Why online learning? Lessons from Arizona State University’s Michael Crow

by John Watson

Revolutionizing online education: A conversation with President Michael Crow of Arizona State University is about post-secondary education and one university’s quest to use technology to expand access. It’s striking, however, how many of Crow’s comments apply to K-12 students and schools. I’ve pulled out some key quotes, edited lightly to remove the points specific to post-secondary education, and in some cases adding some notes:

“As an eager learner from a nomadic family of limited means, I changed schools often and learned that intellectual curiosity alone was not always enough to realize your academic goals.”

The key point in this quote above is about “intellectual curiosity not being enough.” This point is critical because too often the examples used to highlight successful digital learning are based on students who are able to learn mostly or entirely on their own. But these students do not represent most students in most situations. Most students, at some point at least, need significant support from adults, which can be teachers, mentors, learning coaches, or others.

“People learn in different ways and there needs to be more than one route to success. As educators, it is up to us to devise what those pathways are and how to provide the knowledge and support that produces positive outcomes.”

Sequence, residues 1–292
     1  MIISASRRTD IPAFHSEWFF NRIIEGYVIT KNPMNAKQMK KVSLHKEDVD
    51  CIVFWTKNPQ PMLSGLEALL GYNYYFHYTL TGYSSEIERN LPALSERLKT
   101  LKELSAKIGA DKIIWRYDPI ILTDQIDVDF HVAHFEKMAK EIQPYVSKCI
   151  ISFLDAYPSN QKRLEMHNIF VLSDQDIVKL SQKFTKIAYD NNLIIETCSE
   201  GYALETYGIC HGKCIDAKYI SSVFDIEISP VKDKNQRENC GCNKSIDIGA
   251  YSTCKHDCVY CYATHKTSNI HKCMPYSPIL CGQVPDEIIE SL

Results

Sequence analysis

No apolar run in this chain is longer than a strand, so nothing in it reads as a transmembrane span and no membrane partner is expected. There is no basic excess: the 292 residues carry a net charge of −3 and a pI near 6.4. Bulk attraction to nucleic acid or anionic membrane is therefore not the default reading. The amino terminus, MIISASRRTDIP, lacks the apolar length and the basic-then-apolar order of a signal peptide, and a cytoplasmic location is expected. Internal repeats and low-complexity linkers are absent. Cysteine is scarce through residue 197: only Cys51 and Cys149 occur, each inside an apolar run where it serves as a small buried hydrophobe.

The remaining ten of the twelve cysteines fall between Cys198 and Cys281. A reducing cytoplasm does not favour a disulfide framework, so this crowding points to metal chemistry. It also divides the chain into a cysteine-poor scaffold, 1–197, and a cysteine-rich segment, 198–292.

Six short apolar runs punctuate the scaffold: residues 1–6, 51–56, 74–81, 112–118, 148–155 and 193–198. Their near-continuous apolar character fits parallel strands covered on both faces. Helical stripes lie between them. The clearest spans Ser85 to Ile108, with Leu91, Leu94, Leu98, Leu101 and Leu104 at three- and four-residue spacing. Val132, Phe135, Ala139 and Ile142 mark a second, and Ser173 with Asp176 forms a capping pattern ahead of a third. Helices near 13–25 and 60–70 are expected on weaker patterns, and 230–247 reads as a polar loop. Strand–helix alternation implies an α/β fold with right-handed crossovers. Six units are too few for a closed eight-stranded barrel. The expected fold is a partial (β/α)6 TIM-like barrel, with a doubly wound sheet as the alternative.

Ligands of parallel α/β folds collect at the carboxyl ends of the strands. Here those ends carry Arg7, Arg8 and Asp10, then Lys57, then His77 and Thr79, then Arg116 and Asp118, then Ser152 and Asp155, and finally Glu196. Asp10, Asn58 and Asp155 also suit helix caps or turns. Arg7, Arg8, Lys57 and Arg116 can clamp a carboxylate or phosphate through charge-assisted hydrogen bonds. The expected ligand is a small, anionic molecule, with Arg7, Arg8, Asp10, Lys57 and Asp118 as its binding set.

“More than one route to success” is the key here. In the post-secondary context, students choose their schools so are inherently choosing a route. In K-12, many students are not actively selecting a path, because they don’t know their options or may live in a region where few options are available. Online, blended, and digital learning should support a variety of educational options that educators, families, and students select together. 

“Until now, learning has followed a conventional, linear sequence from K-12 to college and then onto a career. In the future, accelerated changes to the workplace will necessitate that education not be relegated to only early life, but instead to a continuous, non-linear series of learning interactions that add new skills and credentials to fulfill evolving expectations in work and personal fulfillment over a lifetime.”

Another way to make this point above is to say “students have to learn how to learn.” This is increasingly important for the reasons that Dr. Crow states, and it is more important than ever that students develop these skills and have opportunities to apply them early in their education.

“The standard arguments against online education persist. Opponents continue to cite inferior quality/value as compared to traditional education; lack of affordability; insufficient support for underprepared or disadvantaged students; and poor learning outcomes due to a lack of face-to-face instruction as reasons not to move forward.

ASU has demonstrated that it is possible to design and conduct digital courses that are equal in quality to in-person coursework and leverage analytics and technology tools to foster student success.”

These points encapsulate many of the arguments about digital learning. The questions related to “does it work” persist, even though it is clear that the right question is “under what conditions can it work?”

Dr. Crow and ASU have shown how online learning works at a university. We have plenty of examples from K-12 as well. That’s not to say online learning always works—just that it can, when implemented well.

Disclosure: I’m a big fan of Michael Crow, President of Arizona State University, because of the clarity of his views on extending post-secondary education to a wide range of students, and ASU’s use of technology to support that vision. Also, my wife is a professor at ASU, and ASU Prep Digital is an Evergreen client.

Views, B-31-60John Watson